Sound System

...we like the sound of that!

At the Miniatur Wunderland we primarily appeal to the sense of vision. But many scenes - think lift offs at the airport - seem all the more real when they are acoustically illustrated.

It is not precisely easy to transfer the sound of the original model onto the miniature version. Many different sounds are used in different places at the Wunderland. This is why we had to develop a different system for our fire trucks than the one we use for the concert of DJ Bobo or at the airport. Altogether we use four different sound systems and are in the process of developing a fifth.

System 1: The Beginnings

For moving objects with a relatively small activity range, we use a special type of mp3 player that is positioned in fixed places under the layout. We developed these players to be connected directly to our Light Control System. Each one can play up to 99 different sounds.

A little amp is integrated into their circuit board, making it possible to drive two speakers. Since the sound data is being read from the memory card, it is possible to change the input without removing the player. With this device several little scenes are equipped with the right sound.

System 2: Soundmatrix

With the Carsystem and ships we asked ourselves how we could equip these relatively small objects with sound. In the vehicles there was no space, because they literally were already filled to the brim with batteries and micro controllers.

So we had to find a different solution. For the Knuffingen Fire Department, it was not such a big problem, because the vehicles, built after Hamburg originals, only turned their sirens on when they came to a crossing. Here we could use mp3 players that were permanently installed under the crossings and were operated by our Carsystem controls.

For the American fire truck it was a completely different story: They drive around with ongoing sound from their sirens and even play different tunes. Since the vehicles move all through the layout, we couldn’t work with static mp3 players, because these can’t convey the image of the sound really moving with the vehicle.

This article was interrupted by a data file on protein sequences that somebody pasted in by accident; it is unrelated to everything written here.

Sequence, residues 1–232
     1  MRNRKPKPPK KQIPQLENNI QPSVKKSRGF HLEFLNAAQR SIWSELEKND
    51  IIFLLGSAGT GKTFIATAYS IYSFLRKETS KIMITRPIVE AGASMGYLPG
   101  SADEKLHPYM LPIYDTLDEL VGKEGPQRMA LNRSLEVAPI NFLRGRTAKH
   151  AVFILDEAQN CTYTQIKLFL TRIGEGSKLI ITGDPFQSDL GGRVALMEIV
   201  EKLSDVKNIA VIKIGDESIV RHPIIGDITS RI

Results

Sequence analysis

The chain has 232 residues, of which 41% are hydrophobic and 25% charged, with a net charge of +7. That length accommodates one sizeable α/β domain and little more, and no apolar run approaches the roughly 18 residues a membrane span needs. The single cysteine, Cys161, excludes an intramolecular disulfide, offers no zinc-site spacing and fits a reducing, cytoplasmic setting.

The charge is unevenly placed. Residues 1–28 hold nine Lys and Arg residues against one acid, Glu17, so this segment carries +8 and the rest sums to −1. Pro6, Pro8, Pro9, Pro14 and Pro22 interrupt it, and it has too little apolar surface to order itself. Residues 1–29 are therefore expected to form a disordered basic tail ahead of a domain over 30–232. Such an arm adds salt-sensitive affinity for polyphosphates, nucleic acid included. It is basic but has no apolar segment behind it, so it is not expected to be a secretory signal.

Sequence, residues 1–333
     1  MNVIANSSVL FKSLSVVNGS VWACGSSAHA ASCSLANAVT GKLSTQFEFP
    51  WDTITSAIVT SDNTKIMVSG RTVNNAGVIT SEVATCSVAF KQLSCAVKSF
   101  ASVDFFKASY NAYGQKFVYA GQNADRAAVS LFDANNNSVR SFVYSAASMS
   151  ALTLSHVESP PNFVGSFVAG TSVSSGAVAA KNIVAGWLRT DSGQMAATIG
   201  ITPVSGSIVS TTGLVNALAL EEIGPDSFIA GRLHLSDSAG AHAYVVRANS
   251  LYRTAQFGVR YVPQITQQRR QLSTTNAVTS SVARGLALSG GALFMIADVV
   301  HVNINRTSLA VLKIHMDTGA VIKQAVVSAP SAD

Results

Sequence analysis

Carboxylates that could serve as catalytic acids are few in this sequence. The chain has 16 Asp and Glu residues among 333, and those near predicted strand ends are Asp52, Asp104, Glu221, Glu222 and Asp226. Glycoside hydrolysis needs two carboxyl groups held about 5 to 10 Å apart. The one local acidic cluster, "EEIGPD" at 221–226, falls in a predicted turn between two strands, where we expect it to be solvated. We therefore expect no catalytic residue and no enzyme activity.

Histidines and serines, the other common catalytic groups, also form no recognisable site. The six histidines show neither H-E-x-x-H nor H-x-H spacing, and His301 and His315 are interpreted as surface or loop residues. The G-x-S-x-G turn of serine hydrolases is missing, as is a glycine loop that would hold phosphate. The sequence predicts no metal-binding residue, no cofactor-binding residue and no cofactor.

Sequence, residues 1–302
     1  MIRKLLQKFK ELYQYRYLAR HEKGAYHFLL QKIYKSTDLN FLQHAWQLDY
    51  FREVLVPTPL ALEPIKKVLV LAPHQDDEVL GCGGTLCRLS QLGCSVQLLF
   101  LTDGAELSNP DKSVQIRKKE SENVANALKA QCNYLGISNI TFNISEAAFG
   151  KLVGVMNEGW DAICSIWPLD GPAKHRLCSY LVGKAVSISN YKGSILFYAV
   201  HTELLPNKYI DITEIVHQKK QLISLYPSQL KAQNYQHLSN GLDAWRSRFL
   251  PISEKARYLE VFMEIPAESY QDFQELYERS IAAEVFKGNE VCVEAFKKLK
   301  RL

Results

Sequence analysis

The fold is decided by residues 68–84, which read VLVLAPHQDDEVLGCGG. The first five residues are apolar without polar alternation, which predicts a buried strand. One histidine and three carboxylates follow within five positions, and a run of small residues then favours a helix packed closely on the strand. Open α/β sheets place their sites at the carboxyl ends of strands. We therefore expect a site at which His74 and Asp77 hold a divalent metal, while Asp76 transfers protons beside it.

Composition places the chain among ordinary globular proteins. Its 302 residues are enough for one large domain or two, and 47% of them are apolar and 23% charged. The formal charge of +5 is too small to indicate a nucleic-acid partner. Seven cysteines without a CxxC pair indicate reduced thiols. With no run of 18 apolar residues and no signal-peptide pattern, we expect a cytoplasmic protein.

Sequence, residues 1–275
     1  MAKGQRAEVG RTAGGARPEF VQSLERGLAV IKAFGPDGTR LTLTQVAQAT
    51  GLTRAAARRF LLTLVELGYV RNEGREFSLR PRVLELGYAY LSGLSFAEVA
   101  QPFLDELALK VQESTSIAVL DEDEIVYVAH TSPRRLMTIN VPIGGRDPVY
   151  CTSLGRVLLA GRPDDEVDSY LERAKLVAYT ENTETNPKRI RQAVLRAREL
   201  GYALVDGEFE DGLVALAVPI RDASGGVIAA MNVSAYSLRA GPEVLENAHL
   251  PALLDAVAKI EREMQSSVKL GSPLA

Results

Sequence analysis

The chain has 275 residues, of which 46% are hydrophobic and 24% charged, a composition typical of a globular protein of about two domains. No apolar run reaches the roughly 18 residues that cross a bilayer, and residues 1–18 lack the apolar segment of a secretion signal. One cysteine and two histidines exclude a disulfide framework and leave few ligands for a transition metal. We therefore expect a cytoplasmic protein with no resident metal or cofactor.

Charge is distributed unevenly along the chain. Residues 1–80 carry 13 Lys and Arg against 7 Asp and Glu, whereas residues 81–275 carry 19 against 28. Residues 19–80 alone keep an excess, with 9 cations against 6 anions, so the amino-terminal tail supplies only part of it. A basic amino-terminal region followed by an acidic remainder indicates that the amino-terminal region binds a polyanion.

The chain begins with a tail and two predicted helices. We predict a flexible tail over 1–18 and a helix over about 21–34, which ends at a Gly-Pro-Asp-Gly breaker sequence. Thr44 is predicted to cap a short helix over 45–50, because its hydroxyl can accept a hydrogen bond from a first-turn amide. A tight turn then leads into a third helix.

After quite a search and getting in touch with several producers of audio equipment, we finally found a computer-based solution that makes it possible to “follow” the cars. The system is based on special sound cards, which are normally used in professional music and recording studios. These sound cards have up to 64 outputs of whom each can output an individual sound channel.

Of course you can’t really “follow” the cars just with this. In order to create authentic sound you have to mix the vehicles' sound, depending on their position on the layout, with different sound levels for an individual mix for each output channel. The cars don’t always take the same route, sometimes they have to stop or take a diversion, so we could not employ permanently programmed sound schedules.

A small software development team from Berlin helped us solve this problem with an amazing tool: It makes it possible to acoustically position different objects within a space, equivalent to Dolby Surround systems in cinemas, and to change these positions live and in real time as needed. With the help of the data submitted by the Carsystem control software, every vehicle on the layout can be sonically located and supplied with a large number of sounds, which can all virtually move over the layout and follow their vehicle. Another advantage of this system is that you can spread sound all over the exhibition. So far, we have chosen not to do so, since we have found out that our visitors mostly perceive sounds as a disturbance when they can’t be linked to a visually recognizable object causing them.

System 3: Airplanes

Of course we wanted to have authentic turbine sound for the airplanes at Knuffingen Airport as well, so a new system was specifically developed for the airport. The size of the models and the performance of their batteries made integrating loudspeakers into the model much easier, especially in comparison to the increasingly smaller vehicles of the Carsystem. Nevertheless we wanted to keep the audio players as small as possible, which is why we integrated them directly into the control circuit boards of the planes.

System 4: „Sounds of the future"

This is momentarily (May 2015) a prototype, being part of the MiWuLight light control circuit boards currently in development. On these circuit boards, the audio player will already be integrated.